Crimson Shadow

Star Trek the Fall: Crimson Shadow
© 2013 Una McCormack
352 pages

After ten years of reconstruction, the Federation is preparing to leave Cardassia. Not all the locals gathering outside are there to wish its engineers and social workers a fare-thee-well, however. A new political movement representing the old Cardassia is growing in strength, and styles itself “Cardassia First”. Infiltrating civil institutions and orchestrating riots,  it promises to field a candidate against the Federation-friendly administration and disrupt Cardassia’s growing relationship with the Federation and its allies.  Worse yet, a high-profile political assassination puts both powers on the edge of falling away from one another.   Assassinations and unruly mobs, with the fate of Cardassia hanging in the balance — this looks like a job for….Garak, Intergalactic Man of Mystery!

No longer the mere mysterious spy-turned-tailor of Deep Space Nine, Garak is Cardassia’s ambassador to Earth, having previously served in other Reconstruction governments.The Garak of Crimson Shadow has grown much from the Garak of the television show, who was already complex.  Garak’s past association with an organization so ominous that it chills Cardassian spines fifteen years after its demise has left him with blood on his hands that cannot be rubbed out. His conscience was once becalmed by the thought that he was acting for the good for Cardassia, in the service of the State, but witnessing nearly a trillion deaths and the obliteration of so much of what he loved has broken Garak’s faith. Now,  ever wrestling with his conscience, he hopes to help Cardassia find a new way — one that includes more engagement with the rest of the Quadrant —  and gropes for how to fight monsters without again becoming a monster himself.   Garak hasn’t hung up his cloak and dagger for good, though, as he proves to have a few tricks up his sleeve that don’t involve discretely killing someone. This quandry is also present in the stories of several police officers, who are trying to establish and protect their Constabulary’s integrity after past versions of it were co-opted by the State to hurt the people.  One of the few non-Cardassian characters here is Jean Luc Picard, who with Garak has to somehow mitigate the damage that each man’s civil superiors threatens to wreack in the wake of both books’ events.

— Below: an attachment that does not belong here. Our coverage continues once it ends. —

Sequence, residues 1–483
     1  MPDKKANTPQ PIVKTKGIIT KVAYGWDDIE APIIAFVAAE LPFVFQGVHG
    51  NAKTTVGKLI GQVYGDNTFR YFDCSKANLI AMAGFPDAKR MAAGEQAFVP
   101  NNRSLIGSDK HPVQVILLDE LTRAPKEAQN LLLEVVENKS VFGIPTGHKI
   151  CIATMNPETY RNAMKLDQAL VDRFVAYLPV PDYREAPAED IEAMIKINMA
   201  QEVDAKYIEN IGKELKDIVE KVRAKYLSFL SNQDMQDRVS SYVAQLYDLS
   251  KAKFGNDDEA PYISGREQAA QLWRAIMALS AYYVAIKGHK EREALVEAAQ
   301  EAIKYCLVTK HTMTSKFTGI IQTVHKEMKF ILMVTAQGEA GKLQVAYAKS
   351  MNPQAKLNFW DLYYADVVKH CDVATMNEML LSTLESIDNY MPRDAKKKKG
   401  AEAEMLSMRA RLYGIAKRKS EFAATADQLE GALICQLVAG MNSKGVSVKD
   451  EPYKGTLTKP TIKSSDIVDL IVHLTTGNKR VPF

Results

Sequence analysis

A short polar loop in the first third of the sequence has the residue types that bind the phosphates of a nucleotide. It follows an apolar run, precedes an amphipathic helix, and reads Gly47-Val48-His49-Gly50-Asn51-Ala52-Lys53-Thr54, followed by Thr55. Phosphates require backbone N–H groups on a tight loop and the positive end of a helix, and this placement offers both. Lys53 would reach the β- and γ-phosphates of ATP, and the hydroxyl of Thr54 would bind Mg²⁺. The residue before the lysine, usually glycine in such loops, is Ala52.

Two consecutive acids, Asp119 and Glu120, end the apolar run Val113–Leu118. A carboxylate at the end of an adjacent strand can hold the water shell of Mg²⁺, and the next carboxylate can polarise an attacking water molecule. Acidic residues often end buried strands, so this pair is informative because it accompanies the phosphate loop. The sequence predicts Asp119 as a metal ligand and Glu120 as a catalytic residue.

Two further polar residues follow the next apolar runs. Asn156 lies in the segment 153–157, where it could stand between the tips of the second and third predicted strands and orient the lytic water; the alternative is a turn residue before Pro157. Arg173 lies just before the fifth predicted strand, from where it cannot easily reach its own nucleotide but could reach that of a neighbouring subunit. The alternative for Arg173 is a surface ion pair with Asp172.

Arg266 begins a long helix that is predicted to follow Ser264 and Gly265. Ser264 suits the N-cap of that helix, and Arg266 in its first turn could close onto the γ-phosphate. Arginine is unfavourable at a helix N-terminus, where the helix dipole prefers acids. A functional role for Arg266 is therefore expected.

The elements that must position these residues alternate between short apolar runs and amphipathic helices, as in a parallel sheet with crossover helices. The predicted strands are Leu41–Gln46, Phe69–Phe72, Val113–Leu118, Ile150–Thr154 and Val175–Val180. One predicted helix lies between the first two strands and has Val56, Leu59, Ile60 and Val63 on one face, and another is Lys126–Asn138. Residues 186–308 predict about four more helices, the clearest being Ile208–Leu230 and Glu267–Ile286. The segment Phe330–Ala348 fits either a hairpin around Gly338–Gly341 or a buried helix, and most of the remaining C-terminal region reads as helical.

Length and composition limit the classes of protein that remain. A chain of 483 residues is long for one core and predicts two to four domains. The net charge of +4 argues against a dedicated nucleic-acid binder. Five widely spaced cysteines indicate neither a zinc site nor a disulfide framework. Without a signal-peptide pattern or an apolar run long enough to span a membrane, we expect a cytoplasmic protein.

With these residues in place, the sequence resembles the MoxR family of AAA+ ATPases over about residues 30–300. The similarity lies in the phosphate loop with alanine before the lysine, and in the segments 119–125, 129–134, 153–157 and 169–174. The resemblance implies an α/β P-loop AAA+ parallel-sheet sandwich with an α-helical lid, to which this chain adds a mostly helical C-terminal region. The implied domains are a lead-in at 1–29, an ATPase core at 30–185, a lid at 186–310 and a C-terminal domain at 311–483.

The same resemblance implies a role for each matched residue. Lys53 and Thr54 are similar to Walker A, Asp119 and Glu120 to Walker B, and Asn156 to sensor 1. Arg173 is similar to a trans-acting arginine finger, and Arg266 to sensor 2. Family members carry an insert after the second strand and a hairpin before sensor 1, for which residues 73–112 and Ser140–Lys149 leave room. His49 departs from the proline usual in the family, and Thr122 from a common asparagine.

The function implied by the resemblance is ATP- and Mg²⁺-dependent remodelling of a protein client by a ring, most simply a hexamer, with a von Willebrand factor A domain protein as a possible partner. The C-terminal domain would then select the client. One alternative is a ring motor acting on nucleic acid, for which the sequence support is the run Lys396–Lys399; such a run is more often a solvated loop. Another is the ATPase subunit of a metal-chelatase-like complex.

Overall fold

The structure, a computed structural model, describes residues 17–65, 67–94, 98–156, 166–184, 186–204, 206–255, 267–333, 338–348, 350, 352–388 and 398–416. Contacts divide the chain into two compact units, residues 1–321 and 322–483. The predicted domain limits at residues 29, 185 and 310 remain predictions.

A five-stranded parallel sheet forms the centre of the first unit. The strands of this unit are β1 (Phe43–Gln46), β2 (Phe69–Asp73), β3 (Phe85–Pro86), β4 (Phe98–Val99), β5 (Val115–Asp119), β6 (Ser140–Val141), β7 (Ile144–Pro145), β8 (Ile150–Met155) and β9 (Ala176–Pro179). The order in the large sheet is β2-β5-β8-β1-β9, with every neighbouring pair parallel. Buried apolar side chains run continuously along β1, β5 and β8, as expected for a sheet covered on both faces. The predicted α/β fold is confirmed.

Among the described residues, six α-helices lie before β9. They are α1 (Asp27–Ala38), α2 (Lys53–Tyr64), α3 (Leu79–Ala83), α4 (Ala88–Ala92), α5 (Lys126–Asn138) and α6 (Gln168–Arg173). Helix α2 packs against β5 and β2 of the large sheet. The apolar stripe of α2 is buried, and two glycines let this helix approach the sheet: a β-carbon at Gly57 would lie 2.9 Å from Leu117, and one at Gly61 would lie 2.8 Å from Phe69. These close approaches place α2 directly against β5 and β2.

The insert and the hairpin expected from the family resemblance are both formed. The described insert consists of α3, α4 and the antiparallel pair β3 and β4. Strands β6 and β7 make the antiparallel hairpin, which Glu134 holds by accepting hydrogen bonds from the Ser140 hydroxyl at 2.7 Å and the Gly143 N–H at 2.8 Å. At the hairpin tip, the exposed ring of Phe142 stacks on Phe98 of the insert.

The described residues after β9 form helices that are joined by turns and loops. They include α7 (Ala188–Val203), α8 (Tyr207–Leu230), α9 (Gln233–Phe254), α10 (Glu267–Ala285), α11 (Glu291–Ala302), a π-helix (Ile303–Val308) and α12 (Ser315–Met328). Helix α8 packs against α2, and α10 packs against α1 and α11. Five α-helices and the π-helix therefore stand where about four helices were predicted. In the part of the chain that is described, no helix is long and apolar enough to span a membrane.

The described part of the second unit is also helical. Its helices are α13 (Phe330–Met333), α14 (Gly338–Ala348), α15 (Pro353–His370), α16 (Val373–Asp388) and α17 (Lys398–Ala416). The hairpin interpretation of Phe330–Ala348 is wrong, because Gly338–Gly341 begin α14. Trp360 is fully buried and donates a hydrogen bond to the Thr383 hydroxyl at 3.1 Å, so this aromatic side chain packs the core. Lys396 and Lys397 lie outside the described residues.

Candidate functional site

I enjoyed The Crimson Shadow enormously, as I’m partial to Cardassian stories and especially to Garak.  While there’s still a little obviousness in how McCormack portrays her villains, she did introduce an interesting idea about the origin of the Obsidian Order. Her portrayal of Garak, as he and his castellan (president) try to navigate away  from the sirens that might destroy them, even as they attract so many citizens,  more than makes up for the mustache-twirling antagonists.  As a bonus, McCormack indirectly quoted CS Lewis, when she makes Garak observe that people are much more dangerous when their tyranny is effected with sincere intentions to help others.  A comparative Lewis quote is here.

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11 Responses to Crimson Shadow

  1. CyberKitten says:

    Always had a sneaking fondness for Garak…. [grin]Merry Christmas for tomorrow BTW!

  2. Stephen says: